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By Gordon Corsetti
This post is the first of a multi-part series breaking down personal fouls in youth and high school boys lacrosse. Quotes and explanations below are specific to NFHS and US Lacrosse Boys’ Youth Rules. The post has been reviewed by Walt Munze, the national NFHS rules interpreter.
Rule 5.7.1: “Swinging a crosse at an opponent’s crosse or body with deliberate viciousness or reckless abandon, regardless of whether the opponent’s crosse or body is struck.”
Personal foul for 1, 2 or 3 minutes.
At all levels of play, officials must judge whether a swing is vicious, reckless or both. The threshold for vicious and reckless swings is higher at the high school level compared to the youth level. A game between two high school rivals will have a higher limit for what constitutes slashing than a U11 game.
A vicious swing is most clearly defined as one that would do serious damage if a player were not wearing equipment. A huge two-handed swing that crashes down on the top of a shoulder pad is a vicious swing because without equipment, a player would likely suffer an injury.
A reckless swing is one that demonstrates a lack of control. The two most common examples are when a defender is beat and quickly swings his crosse behind him, and a riding attackman whips a one-handed check to a clearing midfielder who just broke past the midfield line. Those checks have a low chance of only hitting stick or glove hand, and if a player swings in desperation and hits the body, it’s likely that a flag will be thrown.
One key part of this rule that many people miss is that contact is not required for a slash to be called. While it is very rare for slashing to be called at the high school level without contact, it is more likely at the youth levels, where such an uncontrolled swing needs to be flagged so the coach has an opportunity to teach his player about better defensive fundamentals.
For games played under US Lacrosse Youth Rules, add Rule 5.7.4: “Any one-handed check shall be considered a slash, whether or not it makes contact with the opposing player. NOTE: if the defensive player’s hand comes off his stick in his legitimate follow-through motion after, or during his recovery from, a controlled poke check, this need not be considered a slash solely because his hand came off the stick.”
At the youth level, a one-handed swing is considered reckless and should be penalized as a slash. The qualifier of the hand coming off the check is because many youth players lose their grip when their stick recoils, which is often the result of a good check and not a demonstration of a lack of control or a true one-handed wind-up.
The NFHS rulebook lists five specific situations to better explain common situations where slashing may or may not be the appropriate call. Here the situation is quoted and the “why” explained.
B1, while playing A1, makes contact on A1’s head with his crosse.
Ruling: No penalty. Contact itself does not constitute a foul. The contact shall be a definite blow or strike. Otherwise, it is considered a brush.
Explanation: Reports that brushes were dead were highly exaggerated. Brushes exist at every level of play; if they didn’t U9 games would take three hours to finish.
A1, in the act of shooting or passing, strikes B1 on the head because of his legitimate follow-through motion. Has A1 committed a foul for striking an opponent on the head?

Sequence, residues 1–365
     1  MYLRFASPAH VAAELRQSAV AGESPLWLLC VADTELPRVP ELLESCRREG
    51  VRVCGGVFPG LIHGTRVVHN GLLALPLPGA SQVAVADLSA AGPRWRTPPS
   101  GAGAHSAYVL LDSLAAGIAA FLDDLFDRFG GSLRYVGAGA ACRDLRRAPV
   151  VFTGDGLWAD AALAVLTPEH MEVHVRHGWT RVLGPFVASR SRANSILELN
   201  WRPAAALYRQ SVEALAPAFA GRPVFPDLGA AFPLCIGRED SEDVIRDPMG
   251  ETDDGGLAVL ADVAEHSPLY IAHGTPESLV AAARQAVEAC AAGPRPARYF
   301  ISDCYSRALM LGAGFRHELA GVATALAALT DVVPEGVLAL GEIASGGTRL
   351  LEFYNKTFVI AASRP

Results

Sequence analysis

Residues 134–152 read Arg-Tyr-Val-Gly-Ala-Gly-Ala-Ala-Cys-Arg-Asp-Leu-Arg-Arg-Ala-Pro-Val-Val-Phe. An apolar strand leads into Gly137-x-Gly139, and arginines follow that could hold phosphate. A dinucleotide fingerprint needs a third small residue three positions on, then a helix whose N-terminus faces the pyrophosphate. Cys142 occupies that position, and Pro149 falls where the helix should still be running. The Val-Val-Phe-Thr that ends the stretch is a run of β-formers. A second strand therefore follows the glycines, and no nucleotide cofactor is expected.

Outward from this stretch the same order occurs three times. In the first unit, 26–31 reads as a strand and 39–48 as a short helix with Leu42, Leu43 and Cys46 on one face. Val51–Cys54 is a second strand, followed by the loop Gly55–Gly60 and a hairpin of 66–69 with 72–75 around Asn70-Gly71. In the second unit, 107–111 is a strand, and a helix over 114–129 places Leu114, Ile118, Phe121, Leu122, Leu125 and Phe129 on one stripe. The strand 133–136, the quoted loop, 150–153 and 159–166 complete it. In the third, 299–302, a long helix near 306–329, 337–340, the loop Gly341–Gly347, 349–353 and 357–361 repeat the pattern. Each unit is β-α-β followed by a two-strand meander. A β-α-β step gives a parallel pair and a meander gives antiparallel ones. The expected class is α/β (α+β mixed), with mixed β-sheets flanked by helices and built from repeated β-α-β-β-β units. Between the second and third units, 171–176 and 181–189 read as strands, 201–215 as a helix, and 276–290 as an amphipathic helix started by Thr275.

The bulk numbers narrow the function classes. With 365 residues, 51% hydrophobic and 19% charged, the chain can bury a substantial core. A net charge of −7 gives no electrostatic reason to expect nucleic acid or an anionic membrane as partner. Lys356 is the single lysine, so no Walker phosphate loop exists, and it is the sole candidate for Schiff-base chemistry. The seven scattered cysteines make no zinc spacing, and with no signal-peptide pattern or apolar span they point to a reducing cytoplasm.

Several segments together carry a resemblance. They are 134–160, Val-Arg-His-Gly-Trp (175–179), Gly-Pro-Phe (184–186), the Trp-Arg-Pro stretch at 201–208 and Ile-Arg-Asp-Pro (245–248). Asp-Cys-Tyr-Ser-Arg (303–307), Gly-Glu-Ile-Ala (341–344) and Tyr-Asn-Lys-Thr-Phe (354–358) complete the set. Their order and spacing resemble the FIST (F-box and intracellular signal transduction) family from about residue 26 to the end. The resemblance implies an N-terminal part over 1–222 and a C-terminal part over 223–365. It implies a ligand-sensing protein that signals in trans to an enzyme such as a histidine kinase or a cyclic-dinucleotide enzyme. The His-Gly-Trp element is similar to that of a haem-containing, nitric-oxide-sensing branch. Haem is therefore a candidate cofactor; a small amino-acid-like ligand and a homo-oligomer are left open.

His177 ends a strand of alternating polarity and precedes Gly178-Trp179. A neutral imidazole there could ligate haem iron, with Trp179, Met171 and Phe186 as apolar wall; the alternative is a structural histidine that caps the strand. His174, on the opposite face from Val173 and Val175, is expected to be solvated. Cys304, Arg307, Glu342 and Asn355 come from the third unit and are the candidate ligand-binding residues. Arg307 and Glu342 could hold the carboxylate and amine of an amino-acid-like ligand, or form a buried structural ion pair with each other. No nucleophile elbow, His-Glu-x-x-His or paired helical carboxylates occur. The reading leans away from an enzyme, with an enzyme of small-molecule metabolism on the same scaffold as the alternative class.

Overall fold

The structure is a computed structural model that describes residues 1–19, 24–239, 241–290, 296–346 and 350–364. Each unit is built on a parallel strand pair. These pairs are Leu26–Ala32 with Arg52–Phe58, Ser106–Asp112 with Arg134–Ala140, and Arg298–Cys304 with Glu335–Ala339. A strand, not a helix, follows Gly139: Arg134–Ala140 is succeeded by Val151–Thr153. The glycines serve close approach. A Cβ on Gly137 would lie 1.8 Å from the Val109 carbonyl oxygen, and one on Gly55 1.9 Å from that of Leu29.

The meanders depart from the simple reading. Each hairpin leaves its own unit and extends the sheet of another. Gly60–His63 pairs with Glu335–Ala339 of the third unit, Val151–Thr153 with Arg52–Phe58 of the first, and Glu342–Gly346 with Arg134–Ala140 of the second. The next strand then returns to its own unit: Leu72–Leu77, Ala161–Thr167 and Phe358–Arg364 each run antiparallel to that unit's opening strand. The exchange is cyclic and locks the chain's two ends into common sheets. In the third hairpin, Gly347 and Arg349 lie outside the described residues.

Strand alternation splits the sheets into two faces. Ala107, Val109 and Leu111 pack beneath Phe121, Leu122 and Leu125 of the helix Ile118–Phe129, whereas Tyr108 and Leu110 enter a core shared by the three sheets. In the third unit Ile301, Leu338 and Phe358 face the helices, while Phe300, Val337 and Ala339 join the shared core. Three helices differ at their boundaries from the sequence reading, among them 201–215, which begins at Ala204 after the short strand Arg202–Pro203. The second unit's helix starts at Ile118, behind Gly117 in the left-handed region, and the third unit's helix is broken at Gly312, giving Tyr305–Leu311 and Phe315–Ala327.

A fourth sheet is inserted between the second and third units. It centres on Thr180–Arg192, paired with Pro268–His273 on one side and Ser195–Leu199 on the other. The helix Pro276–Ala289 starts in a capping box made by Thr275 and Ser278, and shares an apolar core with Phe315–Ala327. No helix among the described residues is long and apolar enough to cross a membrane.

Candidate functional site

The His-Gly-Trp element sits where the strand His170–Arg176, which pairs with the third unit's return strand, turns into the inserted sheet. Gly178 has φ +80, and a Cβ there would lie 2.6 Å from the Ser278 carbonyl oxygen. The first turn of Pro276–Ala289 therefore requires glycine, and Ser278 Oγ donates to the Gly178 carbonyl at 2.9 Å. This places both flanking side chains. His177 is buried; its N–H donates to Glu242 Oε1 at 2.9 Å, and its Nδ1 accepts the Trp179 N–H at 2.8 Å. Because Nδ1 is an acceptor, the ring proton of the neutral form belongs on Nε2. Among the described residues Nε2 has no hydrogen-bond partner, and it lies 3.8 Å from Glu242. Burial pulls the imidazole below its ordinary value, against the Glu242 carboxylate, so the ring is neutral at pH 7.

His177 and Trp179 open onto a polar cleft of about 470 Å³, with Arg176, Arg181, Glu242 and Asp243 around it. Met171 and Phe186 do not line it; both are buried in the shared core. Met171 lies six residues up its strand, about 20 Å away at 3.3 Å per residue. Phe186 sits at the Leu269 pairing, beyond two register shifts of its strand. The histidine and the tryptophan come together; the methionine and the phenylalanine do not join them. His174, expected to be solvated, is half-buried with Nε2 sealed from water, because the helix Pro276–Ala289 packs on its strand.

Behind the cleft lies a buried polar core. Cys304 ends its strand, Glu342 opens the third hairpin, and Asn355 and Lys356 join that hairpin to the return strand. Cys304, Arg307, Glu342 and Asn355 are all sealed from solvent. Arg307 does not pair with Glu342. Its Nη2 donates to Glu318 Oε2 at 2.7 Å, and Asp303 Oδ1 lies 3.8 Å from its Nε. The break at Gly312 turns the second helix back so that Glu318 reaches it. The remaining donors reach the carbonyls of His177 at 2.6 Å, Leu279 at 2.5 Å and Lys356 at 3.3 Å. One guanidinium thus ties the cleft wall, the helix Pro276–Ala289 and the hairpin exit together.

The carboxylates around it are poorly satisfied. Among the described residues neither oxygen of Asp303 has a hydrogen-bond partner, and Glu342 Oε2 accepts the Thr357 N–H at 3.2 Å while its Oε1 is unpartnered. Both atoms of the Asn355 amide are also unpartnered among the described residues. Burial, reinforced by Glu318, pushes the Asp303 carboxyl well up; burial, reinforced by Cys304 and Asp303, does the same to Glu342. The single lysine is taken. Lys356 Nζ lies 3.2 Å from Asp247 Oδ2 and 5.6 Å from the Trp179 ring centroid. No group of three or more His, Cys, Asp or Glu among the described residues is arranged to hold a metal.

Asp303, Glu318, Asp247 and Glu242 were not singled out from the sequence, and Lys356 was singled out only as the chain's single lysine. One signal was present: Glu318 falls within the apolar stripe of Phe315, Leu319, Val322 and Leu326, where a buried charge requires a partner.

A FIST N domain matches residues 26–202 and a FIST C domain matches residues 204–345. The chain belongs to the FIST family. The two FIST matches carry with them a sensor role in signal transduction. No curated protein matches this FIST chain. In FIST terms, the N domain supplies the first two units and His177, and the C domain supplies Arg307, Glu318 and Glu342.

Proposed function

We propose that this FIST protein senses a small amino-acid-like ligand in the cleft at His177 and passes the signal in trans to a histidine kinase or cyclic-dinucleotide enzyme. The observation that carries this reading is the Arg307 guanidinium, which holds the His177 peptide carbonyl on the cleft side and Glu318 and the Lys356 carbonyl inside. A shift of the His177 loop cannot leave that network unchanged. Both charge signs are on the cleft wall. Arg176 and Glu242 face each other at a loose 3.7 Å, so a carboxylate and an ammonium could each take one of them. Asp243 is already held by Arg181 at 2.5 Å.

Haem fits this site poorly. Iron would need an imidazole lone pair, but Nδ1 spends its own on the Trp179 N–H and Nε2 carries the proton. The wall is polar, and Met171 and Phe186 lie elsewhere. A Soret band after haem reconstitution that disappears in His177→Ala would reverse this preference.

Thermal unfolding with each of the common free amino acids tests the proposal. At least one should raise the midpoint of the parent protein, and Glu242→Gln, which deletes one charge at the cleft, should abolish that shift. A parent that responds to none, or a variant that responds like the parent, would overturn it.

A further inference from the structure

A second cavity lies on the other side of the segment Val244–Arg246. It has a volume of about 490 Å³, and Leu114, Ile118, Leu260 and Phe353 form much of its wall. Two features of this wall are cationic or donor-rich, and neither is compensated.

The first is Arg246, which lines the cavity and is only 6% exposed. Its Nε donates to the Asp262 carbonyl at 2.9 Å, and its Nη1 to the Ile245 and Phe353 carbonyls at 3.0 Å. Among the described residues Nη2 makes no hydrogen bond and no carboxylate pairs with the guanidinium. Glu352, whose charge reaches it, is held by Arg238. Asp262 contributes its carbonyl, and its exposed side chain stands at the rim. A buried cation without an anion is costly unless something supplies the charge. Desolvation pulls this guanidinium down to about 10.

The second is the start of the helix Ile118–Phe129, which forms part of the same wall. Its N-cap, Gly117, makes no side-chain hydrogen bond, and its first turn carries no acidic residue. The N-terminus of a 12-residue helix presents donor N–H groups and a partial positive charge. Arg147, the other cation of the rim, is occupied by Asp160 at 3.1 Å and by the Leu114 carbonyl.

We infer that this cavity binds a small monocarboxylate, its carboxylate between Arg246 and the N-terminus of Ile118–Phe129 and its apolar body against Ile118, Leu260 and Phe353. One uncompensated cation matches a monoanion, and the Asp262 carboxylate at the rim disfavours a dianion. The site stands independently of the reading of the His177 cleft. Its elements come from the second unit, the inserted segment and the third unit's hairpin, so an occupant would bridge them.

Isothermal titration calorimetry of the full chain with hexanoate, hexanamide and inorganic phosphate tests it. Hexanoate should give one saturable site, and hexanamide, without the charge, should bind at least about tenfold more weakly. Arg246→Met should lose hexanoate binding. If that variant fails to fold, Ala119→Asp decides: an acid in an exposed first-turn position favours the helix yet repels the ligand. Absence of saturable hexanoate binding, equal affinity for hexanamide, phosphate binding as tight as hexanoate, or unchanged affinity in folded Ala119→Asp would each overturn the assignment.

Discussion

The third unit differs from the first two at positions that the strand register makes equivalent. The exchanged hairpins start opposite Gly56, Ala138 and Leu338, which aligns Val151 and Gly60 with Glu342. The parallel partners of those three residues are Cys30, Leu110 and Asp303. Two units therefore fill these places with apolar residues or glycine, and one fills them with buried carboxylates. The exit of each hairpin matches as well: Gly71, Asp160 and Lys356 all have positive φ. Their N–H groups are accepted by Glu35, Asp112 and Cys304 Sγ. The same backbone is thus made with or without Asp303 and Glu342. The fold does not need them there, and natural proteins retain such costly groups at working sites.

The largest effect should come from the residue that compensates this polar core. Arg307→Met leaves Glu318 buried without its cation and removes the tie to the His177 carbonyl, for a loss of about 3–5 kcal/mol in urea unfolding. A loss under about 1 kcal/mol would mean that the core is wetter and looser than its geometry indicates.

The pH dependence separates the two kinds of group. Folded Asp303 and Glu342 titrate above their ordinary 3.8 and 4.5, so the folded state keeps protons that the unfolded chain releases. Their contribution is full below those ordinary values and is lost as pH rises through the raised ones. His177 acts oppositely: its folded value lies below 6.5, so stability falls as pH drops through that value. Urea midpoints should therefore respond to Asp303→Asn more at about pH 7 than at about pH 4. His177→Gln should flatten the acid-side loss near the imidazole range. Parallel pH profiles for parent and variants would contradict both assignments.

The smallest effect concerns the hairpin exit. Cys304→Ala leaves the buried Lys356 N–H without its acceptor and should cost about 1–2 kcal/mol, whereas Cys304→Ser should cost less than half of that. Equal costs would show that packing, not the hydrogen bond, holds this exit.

Ruling: No penalty. A1 was in the act of shooting or passing.
Explanation: “Legitimate follow-through” is the important part. If a player shoots or passes, and his stick somehow finds a way to smack into a player standing off to the side, then that is a player trying to disguise a slash as a pass or shot.
Can a defensive player, who does not have reasonable access to an opponent’s crosse and makes no apparent attempt to dislodge the ball or prevent a feeder’s pass, choose to strike repeatedly the lower gloved hand on the crosse with undue force?
Ruling: Penalty. Personal foul for slashing.
Explanation: There are a few things to pay attention to here, in particular “reasonable access” and “no apparent attempt.” There is a difference between a defender timing a check to the glove to disrupt an offensive player’s rhythm and just wailing on the hands holding the stick. That is an attempt to injure and not an attempt to pop the ball out.
A1, advancing the ball toward B1, holds his crosse back with one hand and protects his crosse with the other arm. B1 then swings his crosse and strikes A1’s protecting arm.
Ruling: Penalty. Personal foul, slashing against B1.
Explanation: This situation really forces the official to judge all of the different parts of slashing. Is the swing reckless and/or vicious, and is the contact a definite blow or strike? If yes, slash; if no, brush. The higher threshold for checking at the high school level means that some checks to the arm will go uncalled because more often than not, a single swing does not reach that threshold.
A3 has beaten B2, who swings his stick in a check and strikes A3 on the shoulder or across the back in an attempt to get to A3’s stick.
Ruling: Penalty. Personal foul, slashing against B2. This is an illegal back check.
Explanation: One of the most common displays of a reckless swing that catches the body is the desperation check from a beaten defender. These checks make the job of an official pretty easy because if the swing hits anything but the stick or gloved hand a slash is pretty evident to everyone at the game.
Gordon Corsetti is manager for men's officials education for US Lacrosse. Still have questions about how slashing works? Leave a comment below or submit a question here.
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